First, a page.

Grand Prix Racing - | The Science of Fast Pinewood Cars |

How does one find out the answer to a complicated interaction between five or more moving parts a fluid (air) and a stationary surface? The answers provided here are a combination of the disciplines of logic, science and mathematics. Experience and experiment alone is inadequate to delve into the complex nature of the many factors that can effect the outcome of a race. Yet the models are sterile without the sanity checks of experience and experiment.

Each question considered in this group of links concerns one of three types of inquiry:

- Trying to understand what factors might produce the behavior under inspection
- Exploring the effect of a specific measurable factor on the race while holding all others constant
- Explaining some procedure or aspect of the race not modeled

Behavior questions are approached by first listing the factors that
affect it and all the factors that affect those and so on. These factors
are examined in concert to find the "trade-offs". By the mathematical
process of *differentiation* their model equations, each behavior
and factor with dependencies is made to tell us how it changes as each
factor is changed by itself. This is the power of modeling, these kinds of
changes cannot be so easily isolated and examined in the "real" world. The
differentials for each factor are used to reach plausible mechanisms for
the various behaviors. These are also illustrated by cataloging model races
that demonstrate different aspects of the behavior where possible.

Trade-offs are what makes engineering an art. You will find that there are many trade-offs in Grand Prix racing. Some are "no brainers" to figure out what balance must be struck. Others are not easy. The way you evaluate the trade-off may depend on how much of a risk-taker you are!

Because such an exhaustive approach is very time consuming and solving for many of the variables under investigation is not straight forward but requires a special iterative program, another approach can sometimes bear fruit more easily. Energy relations are used with some reasonable constraints to determine a velocity expression at the finish line. The variables of interest can often be solved in these simpler expressions and then differentiated for rigor. Sometimes the energy relations can be used in logical arguments to reach a "proof" style conclusion, that is every bit as valid.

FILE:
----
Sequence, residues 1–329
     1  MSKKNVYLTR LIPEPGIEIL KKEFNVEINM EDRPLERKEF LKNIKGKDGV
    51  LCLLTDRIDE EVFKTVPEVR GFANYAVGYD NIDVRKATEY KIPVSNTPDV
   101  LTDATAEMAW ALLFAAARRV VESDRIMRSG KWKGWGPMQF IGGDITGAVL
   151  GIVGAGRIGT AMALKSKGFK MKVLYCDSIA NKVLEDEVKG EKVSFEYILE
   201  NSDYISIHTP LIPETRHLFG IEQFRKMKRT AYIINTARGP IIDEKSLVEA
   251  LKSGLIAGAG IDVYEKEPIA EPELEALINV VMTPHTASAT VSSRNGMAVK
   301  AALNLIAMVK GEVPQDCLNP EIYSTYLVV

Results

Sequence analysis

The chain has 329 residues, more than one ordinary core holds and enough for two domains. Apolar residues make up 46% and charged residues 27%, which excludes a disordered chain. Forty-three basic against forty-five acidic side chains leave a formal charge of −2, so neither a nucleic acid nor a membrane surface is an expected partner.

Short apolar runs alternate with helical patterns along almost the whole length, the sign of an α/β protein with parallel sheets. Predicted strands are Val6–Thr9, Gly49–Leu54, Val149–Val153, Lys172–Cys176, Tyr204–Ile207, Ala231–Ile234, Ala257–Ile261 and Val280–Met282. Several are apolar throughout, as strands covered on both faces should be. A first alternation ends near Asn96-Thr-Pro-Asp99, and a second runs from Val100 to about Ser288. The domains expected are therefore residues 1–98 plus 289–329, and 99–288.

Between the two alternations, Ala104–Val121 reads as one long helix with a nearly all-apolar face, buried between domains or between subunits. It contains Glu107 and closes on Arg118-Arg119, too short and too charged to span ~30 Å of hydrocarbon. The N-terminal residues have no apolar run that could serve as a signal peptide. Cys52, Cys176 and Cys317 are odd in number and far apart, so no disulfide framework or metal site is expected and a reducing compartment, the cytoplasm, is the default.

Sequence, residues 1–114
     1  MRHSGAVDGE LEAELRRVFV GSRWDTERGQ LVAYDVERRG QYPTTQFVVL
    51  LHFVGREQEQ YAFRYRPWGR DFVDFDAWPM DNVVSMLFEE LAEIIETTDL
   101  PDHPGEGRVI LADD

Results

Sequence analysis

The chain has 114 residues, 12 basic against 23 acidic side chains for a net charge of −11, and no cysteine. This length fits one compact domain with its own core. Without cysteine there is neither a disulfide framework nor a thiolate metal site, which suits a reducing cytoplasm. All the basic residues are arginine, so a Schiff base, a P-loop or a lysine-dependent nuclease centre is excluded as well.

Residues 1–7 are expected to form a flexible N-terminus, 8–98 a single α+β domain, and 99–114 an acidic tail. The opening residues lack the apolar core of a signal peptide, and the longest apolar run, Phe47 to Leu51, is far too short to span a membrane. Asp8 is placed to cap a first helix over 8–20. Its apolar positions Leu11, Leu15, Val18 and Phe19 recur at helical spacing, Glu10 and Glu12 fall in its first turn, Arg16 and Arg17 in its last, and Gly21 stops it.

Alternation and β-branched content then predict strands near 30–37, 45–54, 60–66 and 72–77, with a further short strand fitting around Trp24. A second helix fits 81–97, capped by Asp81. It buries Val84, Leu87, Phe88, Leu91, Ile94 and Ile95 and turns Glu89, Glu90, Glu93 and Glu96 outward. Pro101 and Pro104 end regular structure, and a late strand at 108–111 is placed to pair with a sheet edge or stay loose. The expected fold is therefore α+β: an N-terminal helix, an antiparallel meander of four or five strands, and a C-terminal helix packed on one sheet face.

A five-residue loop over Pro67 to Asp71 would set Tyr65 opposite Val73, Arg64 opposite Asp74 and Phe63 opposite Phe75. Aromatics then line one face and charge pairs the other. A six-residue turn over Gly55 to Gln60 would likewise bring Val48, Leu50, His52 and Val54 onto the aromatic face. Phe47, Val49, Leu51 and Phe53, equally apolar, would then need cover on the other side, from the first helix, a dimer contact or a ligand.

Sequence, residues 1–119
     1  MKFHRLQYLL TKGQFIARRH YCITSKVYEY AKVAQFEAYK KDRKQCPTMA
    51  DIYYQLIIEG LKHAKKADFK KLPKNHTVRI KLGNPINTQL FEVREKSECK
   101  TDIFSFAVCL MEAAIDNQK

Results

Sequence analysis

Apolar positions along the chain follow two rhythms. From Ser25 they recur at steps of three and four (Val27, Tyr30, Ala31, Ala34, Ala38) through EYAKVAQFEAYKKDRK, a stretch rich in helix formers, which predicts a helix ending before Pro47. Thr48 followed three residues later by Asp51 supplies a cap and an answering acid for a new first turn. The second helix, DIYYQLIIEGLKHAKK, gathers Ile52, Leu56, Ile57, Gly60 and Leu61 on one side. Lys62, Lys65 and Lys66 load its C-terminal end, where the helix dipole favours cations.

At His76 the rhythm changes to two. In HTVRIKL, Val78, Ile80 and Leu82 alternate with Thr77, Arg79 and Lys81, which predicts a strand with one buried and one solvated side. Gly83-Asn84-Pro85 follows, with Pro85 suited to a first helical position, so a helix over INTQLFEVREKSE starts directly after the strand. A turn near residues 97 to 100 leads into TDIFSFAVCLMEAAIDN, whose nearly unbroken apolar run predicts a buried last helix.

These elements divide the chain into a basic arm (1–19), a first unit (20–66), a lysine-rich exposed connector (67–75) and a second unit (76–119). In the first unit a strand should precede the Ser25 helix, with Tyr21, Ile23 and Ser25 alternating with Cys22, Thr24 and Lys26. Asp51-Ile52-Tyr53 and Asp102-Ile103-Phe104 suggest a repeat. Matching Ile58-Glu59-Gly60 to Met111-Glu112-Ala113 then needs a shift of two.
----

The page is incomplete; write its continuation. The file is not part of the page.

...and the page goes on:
The effects of a factor are hounded out by solving the model equations
for their effect on specific race outcomes like finish time or stopping on
the track when possible (some factors involving the lane median are not
strictly deterministic - we do the best we can with those). This process
also involves differentiation and in particular the *chain rule* to
link up the dependencies solved for in the behavior analysis. In this way
we learn if there is an optimal value, or if there is only a limit of some
kind, determined by the race rules or the laws of physics. As an extra
benefit, it provides a way to estimate how much error is introduced in
results by not being able to measure the factor perfectly, if it can be
measured at all.

To this, we add some illustrative calculations from the model to show expected race times, loss distances and other data. In this way, a catalog of "proof" races is built so that actual races may be run to see if the results are true. For all the skeptics out there, the "proof" race catalog provides a way for them to build the cars and prove to themselves the things we learn from the models. It is also possible, that the "skeptics" might find some significant differences and the models would have to be changed.

Explanations are given based on the workings of the models for both types of questions.

Questions about practice, procedure, etc. are answered when possible by referring to the results of model analysis. Otherwise, the questions are handled so as to keep personal opinion to a minimum and to make it obvious where it is present.

How do we know we have the "real" answers to pinewood car questions?
Indeed, it is a deep question! How do we know any answer is "real"? Even
appealing to logic, science and mathematics may not conclusively determine
every answer. As with all questions that really matter, the veracity of the
answers to our pinewood questions ultimately rely on **
FAITH**.

To avoid a lengthy philosophical treatise, suffice it to say that all
the intellectual disciplines are set on the shifty foundations of **
assumptions**. Propositions relate thoughts so logic begins.
Succession occurs, so we begin to do math. Points and lines exist,
therefore we have geometry. Interaction affects us, so we model it as
physics. The form of the basic assumptions are often stated in different
ways, but they are still not independent of our own reflections on them.
What we use these disciplines for can affect what we see through them and
in a sense we lose reality trying to catch hold of it.

But all is not lost, it just depends on what your faith is in! Having
assumptions as the object of your faith is certainly not the best way to
*know*! It would be better to have faith in the designer of the
system you want to know about. The designer knows what can and can not be
done, how things are meant to work, etc.. Don't put your faith in me to
believe in these mathematical models; I am not infallible. But there is a
master designer who is! Jesus Christ, he designed everything and continues
to hold it all together! He is the only one deserving of our faith.

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Grand Prix Racing - | The Science of Fast Pinewood Cars |

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